As leading health officials and experts sound the alarm on a dire mental health crisis among American youth – with addiction, depression and suicide rates on the rise – the public’s search for solutions is racing against the clock. For TC’s Lisa Miller, spirituality may be the answer.
The annual Spirituality, Mind Body Institute at Teachers College, conducted remotely on April 1, offered a model of healing for college-age young people. Led by Miller, SMBI founder and Professor of Psychology and Education, the summit on the science of spirituality and mental health described programs developed by the Institute that incorporate spirituality as an essential element in holistic health and wellness efforts in community and faith-based organizations, the military, and private business. It was the fifth robust national convening on spirituality in education by the Collaborative for Spirituality on Education at TC.
“This truly is, from the center of government, from the private sector, from higher education, a 360 [-degree] response showing that altogether, we care very deeply for the wellness and renewal of health and wellness in young adults in our country,” Miller said.
Speakers from the U.S. Department of Health and Human Services, the Pentagon, and private business detailed for more than 500 registered higher education leaders how their own organizations, with the help of the Institute, are incorporating spiritual principles into their daily work. Their message: a wellness model that works for young people in their organizations could also help to stem the tide of despair among students on college campuses.
Miller opened the daylong gathering by reviewing the science on the link between spirituality and mental and physical health. Studies have shown that humans possess an innate need for spiritual experiences that is often ignored in contemporary culture, partially because religion, a common vehicle (but not the only one) for spiritual experiences, was removed decades ago from many aspects of public discourse. “We threw spirituality and religion out of the public square, and with that went the spiritual baby with the bathwater.”
One consequence is that many people ages 18 to 25 are entering the military or college, or starting their first professional job, having never experienced spiritual engagement, at exactly the time in human development when most people begin questioning the meaning of their existence and their proper relationship to others and to the world. If they do not have spiritual answers to these existential questions, mental disease can often take hold, Miller said.
The good news, she added, is that, with the support of mentors, leaders, family members, peers and clergy, spirituality can be cultivated in early adulthood, and studies have shown that it can be “highly protective” against mental illness and despair. The Spirituality Mind Body Institute helps organizations develop those spiritual support systems in their own communities.
Nevertheless, “the kids are not OK,” remarked the Rev. Dr. Que English in her keynote address. “That is even harder when the system to support them is not OK, either.”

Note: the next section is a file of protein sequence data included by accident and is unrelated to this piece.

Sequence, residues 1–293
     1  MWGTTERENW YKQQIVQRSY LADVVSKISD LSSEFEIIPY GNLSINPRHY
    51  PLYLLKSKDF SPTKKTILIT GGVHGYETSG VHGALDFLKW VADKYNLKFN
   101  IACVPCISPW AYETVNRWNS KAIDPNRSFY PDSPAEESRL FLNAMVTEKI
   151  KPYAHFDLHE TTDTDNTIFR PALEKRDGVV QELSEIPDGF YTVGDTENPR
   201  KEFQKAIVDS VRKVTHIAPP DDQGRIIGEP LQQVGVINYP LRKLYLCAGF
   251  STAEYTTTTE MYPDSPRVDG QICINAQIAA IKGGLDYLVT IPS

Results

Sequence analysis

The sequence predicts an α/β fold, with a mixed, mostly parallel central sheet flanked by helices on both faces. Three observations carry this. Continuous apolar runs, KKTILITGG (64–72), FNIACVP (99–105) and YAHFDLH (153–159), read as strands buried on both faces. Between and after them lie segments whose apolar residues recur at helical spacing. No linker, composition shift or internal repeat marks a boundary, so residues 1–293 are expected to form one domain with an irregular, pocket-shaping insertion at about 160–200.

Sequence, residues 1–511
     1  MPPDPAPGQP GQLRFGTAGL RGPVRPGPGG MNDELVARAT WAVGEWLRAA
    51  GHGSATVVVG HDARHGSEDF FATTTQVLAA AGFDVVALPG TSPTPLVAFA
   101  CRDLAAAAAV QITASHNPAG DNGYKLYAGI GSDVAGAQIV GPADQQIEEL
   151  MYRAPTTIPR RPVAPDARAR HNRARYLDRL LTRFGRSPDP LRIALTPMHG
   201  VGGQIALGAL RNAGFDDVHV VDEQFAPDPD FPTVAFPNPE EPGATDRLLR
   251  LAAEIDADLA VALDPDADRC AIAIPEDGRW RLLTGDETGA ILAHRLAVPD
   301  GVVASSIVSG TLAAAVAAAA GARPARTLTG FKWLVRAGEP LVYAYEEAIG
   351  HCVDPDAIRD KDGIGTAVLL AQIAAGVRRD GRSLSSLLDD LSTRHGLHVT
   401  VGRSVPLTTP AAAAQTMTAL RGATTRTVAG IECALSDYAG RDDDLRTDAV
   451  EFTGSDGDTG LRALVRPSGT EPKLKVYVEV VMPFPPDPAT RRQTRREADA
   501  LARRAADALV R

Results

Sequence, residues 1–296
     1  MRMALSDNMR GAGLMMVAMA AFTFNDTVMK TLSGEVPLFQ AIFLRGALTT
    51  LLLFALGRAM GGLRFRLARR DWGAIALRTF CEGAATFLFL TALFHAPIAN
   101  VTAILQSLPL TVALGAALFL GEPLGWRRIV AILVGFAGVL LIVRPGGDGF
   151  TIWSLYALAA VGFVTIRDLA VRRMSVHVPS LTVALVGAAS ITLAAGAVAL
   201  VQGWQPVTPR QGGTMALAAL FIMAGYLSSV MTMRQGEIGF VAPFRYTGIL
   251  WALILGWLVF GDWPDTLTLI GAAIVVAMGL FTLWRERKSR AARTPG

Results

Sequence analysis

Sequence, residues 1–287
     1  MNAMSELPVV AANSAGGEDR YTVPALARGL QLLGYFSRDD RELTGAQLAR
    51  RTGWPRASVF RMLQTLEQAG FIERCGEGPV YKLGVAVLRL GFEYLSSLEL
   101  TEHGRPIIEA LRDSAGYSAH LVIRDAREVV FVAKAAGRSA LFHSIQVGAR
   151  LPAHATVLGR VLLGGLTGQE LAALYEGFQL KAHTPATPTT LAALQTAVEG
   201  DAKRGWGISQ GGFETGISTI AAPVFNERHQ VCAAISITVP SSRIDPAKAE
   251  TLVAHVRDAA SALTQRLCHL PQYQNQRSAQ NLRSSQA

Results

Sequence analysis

English, at the helm of the Center for Faith-Based and Neighborhood Partnerships at the Department of Health and Human Services, said SMBI helped her organization in East Harlem become an example of how faith-based organizations can provide spirituality and healing to families and children growing up in difficult circumstances.
“I have seen the power of spirituality to bring healing to my life and the lives of my loved ones,” she said.
In addition to supporting children and families, spirituality and SMBI principles have been adopted by the U.S. Army. Chaplain Thomas L. Solhjem, the Army’s Chief of Chaplains and Major General at the Pentagon.
The Army’s path to science-informed spirituality began when officials found that the typical emphasis on loyalty, interdependence and self-sacrifice were ineffective with current recruits, who, like many people their age, were raised in a culture that emphasizes individualism and independence.
As Army leadership began to re-think its entire training and culture to accommodate this cultural shift, they discovered in Miller’s work the evidence-based spirituality that they wanted to emphasize in Army training and in “seamless soldier care,” Solhjem said.
Spiritual principles are similarly embedded in a professional coaching program at Northwestern Mutual, a financial services company, according to Chris Brice, the chief development officer. He explained to Institute attendees how SMBI helped his company create the “Success Coaching Method” for new financial advisors, many of whom are close in age to new soldiers and college students. The method encourages trainees to consider “the deeper meaning and value of interactions,” Brice said.
“Did I compassionately connect with someone? Did I have a positive impact on someone? Did I learn and grow?” If yes, then the conversation has been an “awakened success,” said Brice.
SMBI was founded in 2012 by Miller, who in addition to teaching and research conducts workshops to introduce cognitive spirituality to educators, corporations, social welfare institutions and the U.S. military. Last fall, she released her third book, The Awakened Brain: The New Science of Spirituality and Our Quest for an Inspired Life.
For Miller, this work is more critical than ever. By encouraging students in their innate quest for spirituality, colleges and universities can do much to counter the cultural tide of “mass diseases of despair” that has gathered momentum and stirred so much public concern, Miller told the higher education leaders. “The science of spirituality, mental health and wellness is a roadmap to renewal, she said. “You are the solution, and I know we’re going to get there together.”